Section 201 case jeopardises rebuilding of Puerto Rico’s grid, warns senator

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Work to repair power lines in Broward County, Puerto Rico. Credit: FEMA/Christopher Ragazzo.

Remedies that drive up the cost of deploying solar power in the US would jeopardise the ability of Puerto Rico to rebuild its power infrastructure, Senator-at-large Eduardo Bhatia has warned.

The International Trade Commission (ITC) will vote on 31 October to decide what action to recommend to President Trump. The petitioners in the case, Suniva and SolarWorld Americas, have requested a tariff on all imported solar cells and modules and either a quota or minimum price floor. Tariff rates of US$0.25/W on cells and US$0.32/W modules have been suggested.

Puerto Rico’s already weak grid suffered huge hurricane damage with the US solar and storage industry rallying round to source donated expertise and equipment.

“Hurricane Maria destroyed my homeland, leaving us virtually 100% without power,” wrote in a letter to the ITC. “The entire grid was destroyed. From this devastation, Puerto Rico has an opportunity to rebuild with clean energy resources like solar. Our island should be embracing this abundant, low-cost energy source. Embracing solar would also create good quality jobs for people and communities that desperately need them.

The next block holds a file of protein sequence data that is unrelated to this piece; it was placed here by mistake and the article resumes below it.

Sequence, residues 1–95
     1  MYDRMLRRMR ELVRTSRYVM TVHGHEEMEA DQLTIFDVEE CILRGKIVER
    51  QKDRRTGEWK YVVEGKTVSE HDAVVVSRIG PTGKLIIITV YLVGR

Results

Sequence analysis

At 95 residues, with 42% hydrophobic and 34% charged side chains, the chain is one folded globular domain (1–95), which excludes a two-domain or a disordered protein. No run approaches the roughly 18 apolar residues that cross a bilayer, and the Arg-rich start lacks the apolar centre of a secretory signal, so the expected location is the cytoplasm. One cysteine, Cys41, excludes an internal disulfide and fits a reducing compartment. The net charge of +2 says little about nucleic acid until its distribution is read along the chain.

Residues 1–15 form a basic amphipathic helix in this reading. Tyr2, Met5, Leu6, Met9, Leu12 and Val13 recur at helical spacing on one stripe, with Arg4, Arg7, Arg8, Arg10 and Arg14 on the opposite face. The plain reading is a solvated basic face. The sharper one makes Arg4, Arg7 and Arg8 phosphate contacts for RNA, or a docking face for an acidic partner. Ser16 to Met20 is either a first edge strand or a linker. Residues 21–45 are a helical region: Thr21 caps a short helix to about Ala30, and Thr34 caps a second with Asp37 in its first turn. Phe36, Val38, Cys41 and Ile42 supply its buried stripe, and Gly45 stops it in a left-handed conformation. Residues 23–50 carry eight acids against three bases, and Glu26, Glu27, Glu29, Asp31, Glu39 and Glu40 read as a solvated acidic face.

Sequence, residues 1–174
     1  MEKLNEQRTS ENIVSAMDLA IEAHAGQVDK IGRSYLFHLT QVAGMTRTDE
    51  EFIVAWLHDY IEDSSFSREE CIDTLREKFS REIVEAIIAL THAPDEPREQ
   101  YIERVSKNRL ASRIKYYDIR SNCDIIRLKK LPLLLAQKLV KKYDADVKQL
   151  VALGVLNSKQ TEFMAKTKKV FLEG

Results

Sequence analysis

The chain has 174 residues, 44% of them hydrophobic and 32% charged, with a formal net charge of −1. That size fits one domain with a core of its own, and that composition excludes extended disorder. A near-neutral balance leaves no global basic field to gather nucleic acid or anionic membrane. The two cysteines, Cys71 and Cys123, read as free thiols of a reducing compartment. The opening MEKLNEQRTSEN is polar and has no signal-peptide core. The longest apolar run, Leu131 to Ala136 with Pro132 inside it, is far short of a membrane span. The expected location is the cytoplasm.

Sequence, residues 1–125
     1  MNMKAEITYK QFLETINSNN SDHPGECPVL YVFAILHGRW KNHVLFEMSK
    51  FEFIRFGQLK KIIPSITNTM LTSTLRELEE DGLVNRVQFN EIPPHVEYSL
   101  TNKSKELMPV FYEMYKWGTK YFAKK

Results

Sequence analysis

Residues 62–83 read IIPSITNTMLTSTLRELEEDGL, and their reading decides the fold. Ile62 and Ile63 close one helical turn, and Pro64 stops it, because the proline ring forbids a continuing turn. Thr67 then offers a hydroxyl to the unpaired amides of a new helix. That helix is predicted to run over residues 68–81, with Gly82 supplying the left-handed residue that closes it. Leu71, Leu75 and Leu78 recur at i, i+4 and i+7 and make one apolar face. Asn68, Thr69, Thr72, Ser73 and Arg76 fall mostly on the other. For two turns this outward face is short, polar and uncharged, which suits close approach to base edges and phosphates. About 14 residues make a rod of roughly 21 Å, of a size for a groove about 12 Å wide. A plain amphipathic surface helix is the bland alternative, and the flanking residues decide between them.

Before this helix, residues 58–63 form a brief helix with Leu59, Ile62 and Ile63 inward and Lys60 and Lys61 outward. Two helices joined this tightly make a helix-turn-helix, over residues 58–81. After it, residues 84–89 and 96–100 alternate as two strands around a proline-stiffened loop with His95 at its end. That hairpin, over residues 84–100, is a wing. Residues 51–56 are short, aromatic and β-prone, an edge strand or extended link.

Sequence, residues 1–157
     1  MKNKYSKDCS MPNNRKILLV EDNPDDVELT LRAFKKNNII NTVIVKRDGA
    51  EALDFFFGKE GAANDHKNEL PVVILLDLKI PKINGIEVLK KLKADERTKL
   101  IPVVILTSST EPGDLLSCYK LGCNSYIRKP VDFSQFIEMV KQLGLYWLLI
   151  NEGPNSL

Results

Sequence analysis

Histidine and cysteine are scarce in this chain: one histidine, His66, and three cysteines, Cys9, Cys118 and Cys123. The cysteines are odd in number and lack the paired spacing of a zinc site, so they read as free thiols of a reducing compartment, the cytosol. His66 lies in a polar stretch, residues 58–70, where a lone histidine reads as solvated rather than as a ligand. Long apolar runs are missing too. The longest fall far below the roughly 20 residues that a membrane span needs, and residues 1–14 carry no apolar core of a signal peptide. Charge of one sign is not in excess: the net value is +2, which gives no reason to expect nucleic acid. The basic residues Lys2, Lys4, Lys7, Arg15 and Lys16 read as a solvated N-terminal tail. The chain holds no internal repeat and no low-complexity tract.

“…I respectfully request that you carefully consider the negative impacts the proposed trade remedies would have on the entire American solar industry and Puerto Rico's efforts to rebuild with clean energy first after hurricanes destroyed our already unstable electricity grid,” the Senator asked.

“I am concerned that the requested trade protection would sharply increase the price of solar panels, which would lead to a negative impact across the entire solar industry and could make it too expensive to rebuild Puerto Rico with this technology. The increased costs could jeopardize the potential for millions of dollars in investment in communities across Puerto Rico,” he added.

According to GTM Research, around 2GW of modules have been secured for deployment after any remedies come into effect in January 2018. The company, a critic of the case, estimates that a tariff of US$0.40/W on modules would almost halve utility-scale deployment in the US during the four years that it would be enforced.

Modules available without the tariffs, be they domestic, stockpiled or thin-film are likely to find their way into the projects with the highest margins for owners and investors

Only Hawaii had higher power costs than Puerto Rico prior to the hurricane. US authorities stated on 14 October that they were aiming to restore power to 25% of the island by the end of the month.

Tesla tweeted today that a solar-plus-storage project it is executing for Hospital del Niño in Puerto Rico is close to going online, while a US contractor which has only been in existence for two years and has only two employees, Whitefish Energy, has been awarded a US$300 million contract by the Puerto Rico Electric Power Authority to execute infrastructure restoration work on the island territory. 

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